Situation: When I highlighted this some months ago that my company was not compliant with GDPR, the decision was made by management to consider it late June/Early July.

I believed this to be a big mistake (and still do, but I accept that it is not my place to try and overturn management decision) and I then acted inappropriately: challenging the decision by trying to have more meetings to discuss it, asking about it a lot (e.g. every time it came up in the news), spending time to do a compliant prototype, handing out copies of regulations with highlighted sections of non-compliant parts and penalties. Bordering on passive-aggressive.

As a result, my previously good reputation has been slightly damaged - managers ignoring emails, and I'm reasonably certain a number of people think less of me professionally as a result.

How can I undo this damage? Should I apologise to people? Do I ignore it and hope it recovers in time?

  • 1
    What country are you in? If outside the EU, the company may not consider that high of a priority.
    – Phil M
    Commented Jun 7, 2018 at 16:43

4 Answers 4


Certainly only time will totally heal your reputation, but in the meantime I suggest you to approach to whoever manager you could have offend and offer your apologies. I would say that whatever was my opinion I overstepped and therefore I feel like I have to apologize. If it applies, you can consider to provide assistance in this transformation to GDPR when it takes place or any other way to show you accept the decision and that you will help to make it real

  • 9
    that, and absolutely resist the urge to tell them I told you so when they finally get in trouble for being late...
    – Daniel
    Commented Jun 7, 2018 at 9:27
  • Indeed, once a decision is taken and accepted, it becomes a team decision and there is no point in reminding your initial opposition
    – Ripstein
    Commented Jun 7, 2018 at 9:30
  • Time, and not repeating the mistake are the only cure here.
    – Neo
    Commented Jun 7, 2018 at 11:20

Perhaps you were slightly over-the-top, but in terms of company compliance you did the right thing. I was in a similar position and with some pushback until I told them they'd be eligible for massive fines if they didn't comply and then all of a sudden the attitudes changed. If your company still isn't GDPR compliant then they could well be in trouble. May 25th I believe was the deadline so July is far too late!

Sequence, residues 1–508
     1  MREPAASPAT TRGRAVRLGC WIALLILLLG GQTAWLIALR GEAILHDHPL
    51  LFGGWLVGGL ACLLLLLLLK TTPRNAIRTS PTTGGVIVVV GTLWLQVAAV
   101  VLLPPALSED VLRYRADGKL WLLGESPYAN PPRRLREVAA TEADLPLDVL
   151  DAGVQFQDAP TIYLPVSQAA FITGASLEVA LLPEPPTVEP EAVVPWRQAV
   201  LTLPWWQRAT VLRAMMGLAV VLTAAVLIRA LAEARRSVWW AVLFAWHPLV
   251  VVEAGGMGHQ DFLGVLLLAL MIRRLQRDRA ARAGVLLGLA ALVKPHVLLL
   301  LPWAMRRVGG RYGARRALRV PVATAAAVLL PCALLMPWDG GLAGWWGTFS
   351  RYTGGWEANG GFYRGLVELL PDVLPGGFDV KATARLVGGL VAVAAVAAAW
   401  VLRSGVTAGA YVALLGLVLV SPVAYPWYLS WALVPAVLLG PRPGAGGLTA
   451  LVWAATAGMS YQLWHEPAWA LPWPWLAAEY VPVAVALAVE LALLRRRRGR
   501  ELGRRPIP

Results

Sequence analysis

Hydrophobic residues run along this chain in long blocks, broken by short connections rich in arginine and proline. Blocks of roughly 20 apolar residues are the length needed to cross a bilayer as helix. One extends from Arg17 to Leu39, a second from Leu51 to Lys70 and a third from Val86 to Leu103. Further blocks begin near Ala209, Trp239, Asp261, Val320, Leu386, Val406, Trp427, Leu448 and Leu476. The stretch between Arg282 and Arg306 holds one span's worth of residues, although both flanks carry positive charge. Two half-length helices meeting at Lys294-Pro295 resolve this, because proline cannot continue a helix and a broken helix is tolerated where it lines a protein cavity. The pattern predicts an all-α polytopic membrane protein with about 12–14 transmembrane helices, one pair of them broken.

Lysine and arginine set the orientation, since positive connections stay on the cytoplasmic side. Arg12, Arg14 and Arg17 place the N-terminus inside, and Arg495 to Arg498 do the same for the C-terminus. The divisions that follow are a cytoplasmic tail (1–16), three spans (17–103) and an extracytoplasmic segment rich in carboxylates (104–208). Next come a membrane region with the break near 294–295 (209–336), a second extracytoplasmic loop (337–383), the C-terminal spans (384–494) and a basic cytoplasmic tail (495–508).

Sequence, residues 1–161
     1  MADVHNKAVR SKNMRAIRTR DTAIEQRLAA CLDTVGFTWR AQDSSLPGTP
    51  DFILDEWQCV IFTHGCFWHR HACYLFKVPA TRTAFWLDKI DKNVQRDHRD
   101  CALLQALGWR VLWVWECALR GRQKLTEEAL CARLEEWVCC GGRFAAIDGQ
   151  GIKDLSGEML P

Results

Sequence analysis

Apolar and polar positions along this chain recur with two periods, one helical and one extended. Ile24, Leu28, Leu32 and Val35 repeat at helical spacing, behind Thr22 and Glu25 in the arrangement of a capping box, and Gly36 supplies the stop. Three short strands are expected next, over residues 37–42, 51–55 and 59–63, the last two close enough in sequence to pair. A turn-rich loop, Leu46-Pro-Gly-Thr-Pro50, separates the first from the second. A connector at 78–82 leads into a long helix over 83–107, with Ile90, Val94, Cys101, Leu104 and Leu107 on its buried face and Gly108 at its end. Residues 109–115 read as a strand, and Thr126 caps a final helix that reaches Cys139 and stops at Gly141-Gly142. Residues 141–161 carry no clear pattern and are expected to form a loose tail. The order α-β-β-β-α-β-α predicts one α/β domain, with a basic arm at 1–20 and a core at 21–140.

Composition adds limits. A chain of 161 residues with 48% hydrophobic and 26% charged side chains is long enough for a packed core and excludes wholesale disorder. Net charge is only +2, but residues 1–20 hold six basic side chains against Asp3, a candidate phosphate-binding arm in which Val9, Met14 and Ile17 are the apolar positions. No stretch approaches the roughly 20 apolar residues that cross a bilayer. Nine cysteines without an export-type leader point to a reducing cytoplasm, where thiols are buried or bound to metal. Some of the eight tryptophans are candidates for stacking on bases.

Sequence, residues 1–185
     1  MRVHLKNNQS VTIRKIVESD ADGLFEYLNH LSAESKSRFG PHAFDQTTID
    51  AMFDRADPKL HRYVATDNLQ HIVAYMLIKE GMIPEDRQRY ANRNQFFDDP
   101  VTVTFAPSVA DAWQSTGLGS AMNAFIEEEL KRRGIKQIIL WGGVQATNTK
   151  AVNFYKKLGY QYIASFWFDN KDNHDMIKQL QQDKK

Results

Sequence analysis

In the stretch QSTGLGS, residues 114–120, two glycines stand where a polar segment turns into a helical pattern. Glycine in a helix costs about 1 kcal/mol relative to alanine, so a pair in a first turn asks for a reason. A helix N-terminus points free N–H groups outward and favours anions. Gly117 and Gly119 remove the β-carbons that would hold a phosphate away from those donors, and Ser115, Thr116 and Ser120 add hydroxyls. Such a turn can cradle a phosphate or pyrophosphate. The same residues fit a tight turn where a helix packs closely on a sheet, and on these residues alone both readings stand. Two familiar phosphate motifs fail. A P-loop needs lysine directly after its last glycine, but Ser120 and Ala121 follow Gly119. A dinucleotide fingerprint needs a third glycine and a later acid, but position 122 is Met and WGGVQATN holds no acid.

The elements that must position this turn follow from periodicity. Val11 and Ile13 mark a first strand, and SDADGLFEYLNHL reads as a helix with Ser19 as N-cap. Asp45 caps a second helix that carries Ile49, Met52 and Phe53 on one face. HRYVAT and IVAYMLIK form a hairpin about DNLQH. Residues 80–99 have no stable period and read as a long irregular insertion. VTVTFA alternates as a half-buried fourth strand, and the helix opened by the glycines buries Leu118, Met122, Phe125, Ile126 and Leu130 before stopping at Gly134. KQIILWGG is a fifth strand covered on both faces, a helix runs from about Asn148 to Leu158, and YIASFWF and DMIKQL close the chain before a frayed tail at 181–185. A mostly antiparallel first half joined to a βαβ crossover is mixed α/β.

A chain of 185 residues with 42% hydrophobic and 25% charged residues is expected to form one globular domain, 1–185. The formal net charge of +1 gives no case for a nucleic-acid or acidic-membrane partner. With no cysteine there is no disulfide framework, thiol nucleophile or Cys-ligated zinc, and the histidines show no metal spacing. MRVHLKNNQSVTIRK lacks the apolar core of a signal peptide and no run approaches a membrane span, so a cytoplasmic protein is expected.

You've made your case and it was ignored so at least you can hold your head up high if there are further consequences

  • May 25th was the deadline.
    – user27483
    Commented Jun 7, 2018 at 11:11
  • This is a good relevant personal anecdote. It doesn't seem to answer the question though. Would you mind expanding this a bit to address the OP's question?
    – Masked Man
    Commented Jun 7, 2018 at 12:54

General Data Protection Regulation

The General Data Protection Regulation (GDPR) (EU) 2016/679 is a regulation in EU law on data protection and privacy for all individuals within the European Union (EU) and the European Economic Area (EEA).

It was made April 2016 and went into effect May 28, 2018.

Penalties can be large. I am sure you pointed out the penalties and areas of non-compliance. It was probably not a good decision to delay but I am sure they understood. The law is not complex. It is the type of thing you say once I think you made a poor decision to delay and let it go.

By bringing it up again and again you not only annoyed them but put them is worse position. If a noncompliance is identified and it comes out that you warned them then they are not going to get the benefit of the doubt.

Just lay low and do your job. I think apologize will just antagonize them more.


While not knowing the reasons for your management to choose to overlook your point of view (perhaps they have a better reason), it maybe a case of a short sighted management (a fairly common thing in my opinion). Often times, unless you hold a position of authority to influence, my experience is that a detail oriented sharp employee's ideas are not heeded to. Until, of course, it's too late. I would personally continue to monitor and keep up to speed with the impact of the new regulation. It does two things - First, you will become a fairly knowledgeable individual amongst a sea of not so bright ones. Second, it you're looking for another job (where hopefully your perspectives are more valued) you'd be in a better place to talk about your experience about the topic and how you can make an impact.

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